Outrage over new push for the speed limit to be slashed to just 30km/h to cut road deaths and force people onto public transport
- United Nations has pushed for suburban speed limits to be reduced to 30km/h
- Controversial politician Pauline Hanson posted a video about it online last month
- She slammed United Nations agreements that ‘impact on everyday Australians’
- Her followers expressed their outrage on the proposal and towards the UN
An international push for the speed limit to be slashed to 30km/h on suburban roads has been met with outrage.
Australia has been asked to sign the United Nations proposal at the Global Ministerial Conference on Road Safety in Sweden on February 19.
The initiative intends to reduce deaths and force people to use public transport for health and environmental benefits.
Controversial One Nation politic party leader uploaded a news report of the road change to Facebook last month, which has since gone viral and generated mass anger online.
The United National has urged the international community to drop the speed limit to reduce deaths and encourage the use of public transport to support climate change
‘The United Nations continue their push to have Australia sign a new international agreement to drop speed limits to 30km/h,’ Ms Handon wrote.
‘I can name dozens of United Nations agreements we’ve signed that are having an impact on everyday Australians, starting with the Lima Agreement, Paris Agreement, the 1954 UN Refugee Convention and so many more.’
Furious Australians slammed the UN and questioned how they could be permitted to dictate laws in Australia.
‘How about the UN mind their own business. I suppose we could all just get push bikes and of course the UN would push to have them limited in speed as well,’ a woman wrote.
Another added: ‘Their goal is to strip us slowly of everything we have. If it is brought down to 30km per hour. I will lose my licence in days. Days, not weeks.’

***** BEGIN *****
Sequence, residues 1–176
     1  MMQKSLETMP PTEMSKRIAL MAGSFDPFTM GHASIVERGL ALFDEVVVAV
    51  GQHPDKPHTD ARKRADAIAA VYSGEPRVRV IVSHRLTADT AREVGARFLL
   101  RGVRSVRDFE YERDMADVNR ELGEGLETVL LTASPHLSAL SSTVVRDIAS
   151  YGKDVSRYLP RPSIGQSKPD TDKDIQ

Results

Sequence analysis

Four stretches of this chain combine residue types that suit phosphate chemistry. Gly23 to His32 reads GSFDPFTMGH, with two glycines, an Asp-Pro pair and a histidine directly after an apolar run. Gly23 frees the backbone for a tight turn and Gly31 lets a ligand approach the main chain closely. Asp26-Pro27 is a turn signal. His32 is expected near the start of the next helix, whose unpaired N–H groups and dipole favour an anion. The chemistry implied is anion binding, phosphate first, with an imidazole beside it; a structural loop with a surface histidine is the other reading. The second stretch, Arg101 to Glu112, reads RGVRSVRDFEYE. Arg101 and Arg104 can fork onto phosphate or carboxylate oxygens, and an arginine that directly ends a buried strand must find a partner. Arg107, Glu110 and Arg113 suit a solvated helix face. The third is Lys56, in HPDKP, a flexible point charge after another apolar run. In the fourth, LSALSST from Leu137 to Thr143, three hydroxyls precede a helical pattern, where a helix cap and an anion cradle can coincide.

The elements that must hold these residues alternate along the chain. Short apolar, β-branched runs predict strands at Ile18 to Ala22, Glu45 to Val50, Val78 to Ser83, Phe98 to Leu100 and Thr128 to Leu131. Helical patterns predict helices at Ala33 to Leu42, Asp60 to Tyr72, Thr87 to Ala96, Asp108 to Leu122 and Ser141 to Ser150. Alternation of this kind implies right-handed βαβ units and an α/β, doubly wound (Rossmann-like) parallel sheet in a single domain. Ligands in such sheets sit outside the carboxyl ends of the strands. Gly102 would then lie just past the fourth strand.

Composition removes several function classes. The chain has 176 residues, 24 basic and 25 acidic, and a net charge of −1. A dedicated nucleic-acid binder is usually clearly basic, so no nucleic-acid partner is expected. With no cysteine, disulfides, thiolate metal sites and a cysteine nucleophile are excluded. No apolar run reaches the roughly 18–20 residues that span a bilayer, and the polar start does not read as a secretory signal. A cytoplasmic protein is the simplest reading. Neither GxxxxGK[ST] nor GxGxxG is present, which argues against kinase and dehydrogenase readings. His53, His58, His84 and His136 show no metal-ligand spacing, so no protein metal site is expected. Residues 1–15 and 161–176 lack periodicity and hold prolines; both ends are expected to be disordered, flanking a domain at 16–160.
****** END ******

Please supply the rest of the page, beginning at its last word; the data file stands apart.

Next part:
Outraged Australians condemned the proposal to reduce road deaths internationally and reduce carbon emissions
‘Why does a (group) of people from gawd knows were , have the right to dictate how we live ? Why do we need the UN ? Can we not make our own decisions on how we live?’ a third comment read.
Others felt the law would be worse for the environment as drivers spent longer on roads.
’30km/h to reduce emissions wouldn’t that make all trips in the car longer by which increasing emissions?’ someone questioned.
A man wrote: ‘It takes me an hour to get to work already in a 60km, it would take me 2 hours if its 30!’
Last week, controversial politician Pauline Hanson (pictured) said the bushfires were not caused by climate change and urged Australians to ‘look at the facts’
‘May as well go back to horse and cart,’ added another.
Although a verdict on the decision is yet to be reached, Deputy Prime Minister Michael McCormack and Prime Minister Scott Morrison have implied in the past that it would not be applied within Australia.
In October, Mr Morrison took a swipe at the UN, urging Australians to ‘avoid any reflex towards a negative globalism that coercively seeks to impose a mandate from an often ill-defined borderless global community.’
The United Nations is an intergovernmental organization responsible for maintaining international peace and security that was created following World War II.
Angry comments (one pictured) slammed the UN for proposing laws to the Australian government
One person condemned the UN for not doing more to help Australians affected by the bushfire crisis
The new legislation follows a World Health Organisation road safety report in 2018 that found road traffic injuries are the leading cause of death for children and young adults aged 5-29 years.
It estimated that 1.35 million people lose their lives on the world’s roads every year, and as many as 50 million are injured.
In 2016, Australia was one of 175 parties that signed the Paris agreement, a commitment for countries to each reduce their green house gas emissions in an international effort to tackle climate change.
Three years prior, the Lima agreement came into affect, proposing industries and production be sent to developing countries to ‘fairly’ distribute the world’s wealth.
The United Nations (symbol pictured) is an intergovernmental organization responsible for maintaining international peace, through enforcing human rights as well as offering humanitarian aid